What Are Bridge Loans and How Do They Work?

What Are Bridge Loans

Are you interested in purchasing a house and want to close on it quickly—even though you haven’t sold your current home yet? This situation is increasingly common in today’s housing market since many people want to take advantage of the good deals that are out there.

This is especially true in a situation where you may be unable to afford your present home much longer and want to get an excellent deal on another home while the deal is still available.

One way to do this is to get a bridge loan. A bridge loan is a short term high interest loan which you can use to furnish a down payment on a new home while still living in your current residence.

This can work out nicely since you can use your present home as collateral to secure the bridge loan. In the UK they are known as bridging loans, and in some markets they may be called caveat or swing loans. Sometimes they are confused with hard money loans.

It is possible for a hard money loan to be a bridge loan, but only if the time period of the hard money loan is short term and temporary—that is what classifies it as a bridge loan.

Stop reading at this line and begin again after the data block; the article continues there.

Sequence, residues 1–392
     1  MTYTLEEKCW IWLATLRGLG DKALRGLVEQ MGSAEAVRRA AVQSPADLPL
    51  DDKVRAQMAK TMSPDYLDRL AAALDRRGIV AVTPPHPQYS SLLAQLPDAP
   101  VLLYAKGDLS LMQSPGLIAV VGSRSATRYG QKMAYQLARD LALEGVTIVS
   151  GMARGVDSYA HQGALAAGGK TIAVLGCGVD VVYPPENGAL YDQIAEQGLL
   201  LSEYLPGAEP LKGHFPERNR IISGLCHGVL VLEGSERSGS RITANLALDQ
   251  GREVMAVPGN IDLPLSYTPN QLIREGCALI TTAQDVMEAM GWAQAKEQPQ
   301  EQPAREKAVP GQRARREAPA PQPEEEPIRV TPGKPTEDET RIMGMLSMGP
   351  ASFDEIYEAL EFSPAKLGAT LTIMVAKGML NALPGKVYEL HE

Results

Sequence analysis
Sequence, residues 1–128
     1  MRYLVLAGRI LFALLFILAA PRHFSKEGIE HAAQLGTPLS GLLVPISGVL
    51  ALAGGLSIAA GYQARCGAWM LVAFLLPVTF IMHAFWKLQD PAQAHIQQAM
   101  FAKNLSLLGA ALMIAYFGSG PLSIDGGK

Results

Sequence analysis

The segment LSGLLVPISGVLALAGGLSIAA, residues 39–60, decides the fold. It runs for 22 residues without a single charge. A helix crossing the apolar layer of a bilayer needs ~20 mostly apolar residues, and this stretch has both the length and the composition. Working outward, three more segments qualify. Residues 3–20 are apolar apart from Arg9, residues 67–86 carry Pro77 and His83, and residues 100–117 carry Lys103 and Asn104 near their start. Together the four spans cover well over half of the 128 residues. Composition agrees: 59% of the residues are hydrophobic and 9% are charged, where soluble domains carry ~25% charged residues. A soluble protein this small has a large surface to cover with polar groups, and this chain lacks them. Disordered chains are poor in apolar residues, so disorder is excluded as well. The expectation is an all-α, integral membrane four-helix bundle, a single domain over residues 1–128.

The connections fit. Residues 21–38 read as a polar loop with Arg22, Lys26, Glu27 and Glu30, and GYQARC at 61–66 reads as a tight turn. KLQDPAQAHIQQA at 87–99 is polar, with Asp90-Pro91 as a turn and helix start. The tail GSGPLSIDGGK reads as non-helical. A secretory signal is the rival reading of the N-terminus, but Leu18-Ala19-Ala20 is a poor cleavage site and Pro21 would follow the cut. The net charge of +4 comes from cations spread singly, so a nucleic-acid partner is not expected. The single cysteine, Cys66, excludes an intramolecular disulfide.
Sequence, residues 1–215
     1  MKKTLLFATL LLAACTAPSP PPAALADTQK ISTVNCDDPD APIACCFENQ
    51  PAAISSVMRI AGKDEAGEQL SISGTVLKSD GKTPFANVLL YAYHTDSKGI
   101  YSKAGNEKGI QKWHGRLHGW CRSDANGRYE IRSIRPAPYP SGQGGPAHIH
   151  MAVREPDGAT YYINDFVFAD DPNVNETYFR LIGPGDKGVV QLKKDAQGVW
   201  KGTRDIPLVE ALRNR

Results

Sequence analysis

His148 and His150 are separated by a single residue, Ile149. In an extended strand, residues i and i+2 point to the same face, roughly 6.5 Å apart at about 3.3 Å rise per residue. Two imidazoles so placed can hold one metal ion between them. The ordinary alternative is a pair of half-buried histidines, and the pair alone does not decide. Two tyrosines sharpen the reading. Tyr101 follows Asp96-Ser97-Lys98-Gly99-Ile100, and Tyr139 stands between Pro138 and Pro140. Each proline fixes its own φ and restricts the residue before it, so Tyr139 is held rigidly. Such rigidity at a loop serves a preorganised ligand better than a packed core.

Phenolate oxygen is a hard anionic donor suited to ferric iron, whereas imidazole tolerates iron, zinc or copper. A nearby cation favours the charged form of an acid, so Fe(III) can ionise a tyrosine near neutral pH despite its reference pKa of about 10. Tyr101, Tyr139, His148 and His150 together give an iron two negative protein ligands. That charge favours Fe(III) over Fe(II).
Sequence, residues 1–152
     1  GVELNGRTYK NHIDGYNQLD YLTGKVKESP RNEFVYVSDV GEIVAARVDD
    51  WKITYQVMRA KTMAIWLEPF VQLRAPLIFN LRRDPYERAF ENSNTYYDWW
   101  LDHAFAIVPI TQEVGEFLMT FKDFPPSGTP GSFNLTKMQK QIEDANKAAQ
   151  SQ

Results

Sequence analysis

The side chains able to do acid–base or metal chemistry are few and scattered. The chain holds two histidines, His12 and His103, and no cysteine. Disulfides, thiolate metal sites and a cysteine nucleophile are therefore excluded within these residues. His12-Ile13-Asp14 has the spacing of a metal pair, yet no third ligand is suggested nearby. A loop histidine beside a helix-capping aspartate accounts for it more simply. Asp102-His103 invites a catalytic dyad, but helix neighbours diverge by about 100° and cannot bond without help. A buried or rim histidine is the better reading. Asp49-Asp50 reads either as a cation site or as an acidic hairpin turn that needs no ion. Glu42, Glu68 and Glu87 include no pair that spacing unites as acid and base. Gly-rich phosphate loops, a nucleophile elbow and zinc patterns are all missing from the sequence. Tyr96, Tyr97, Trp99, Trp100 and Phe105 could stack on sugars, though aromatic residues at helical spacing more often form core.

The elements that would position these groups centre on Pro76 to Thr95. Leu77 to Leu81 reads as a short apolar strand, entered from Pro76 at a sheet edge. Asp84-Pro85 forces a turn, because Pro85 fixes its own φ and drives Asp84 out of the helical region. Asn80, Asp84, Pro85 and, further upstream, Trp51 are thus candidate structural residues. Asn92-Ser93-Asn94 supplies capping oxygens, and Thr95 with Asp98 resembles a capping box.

Obtaining a bridge loan is a more casual process than obtaining a standard mortgage; there aren’t many official guidelines and funding is usually provided based on whether the situation seems sensible to all parties involved. Once the original property is sold, the borrower will be able to pay back the bridge loan.

Bridge loans are rather expensive to procure unfortunately and include a number of fees. Some of these fees include an administration fee, an appraisal fee, an escrow fee, a title policy fee, a notary fee, and a courier fee.

Together these fees can add up to a couple of thousand dollars on top of the interest you’ll have to pay. There will also be a loan origination fee which will vary based on how much money you want to borrow. Along with all of all these fees, you’ll have a high interest rate, typically between 11-15%.

Terms

Terms on loans are usually about 12 months, and for your first few months you won’t have to make any payments. During that time, interest will still accrue, so don’t forget that you’re still losing money during that time period.

A bridge loan can be a great way to get in on a good deal before it’s too late, and many people are using them now to get homes at rock bottom prices.

Nonetheless in order to qualify for a bridge loan your circumstances will have to be such that you will be able to pay it back—and you won’t want to get one unless you can do that anyway.

This means you’ll need to be able to use the profits from an impending sale on your current property in order to pay off the bridge loan. If this describes your situation they’re definitely worth looking into!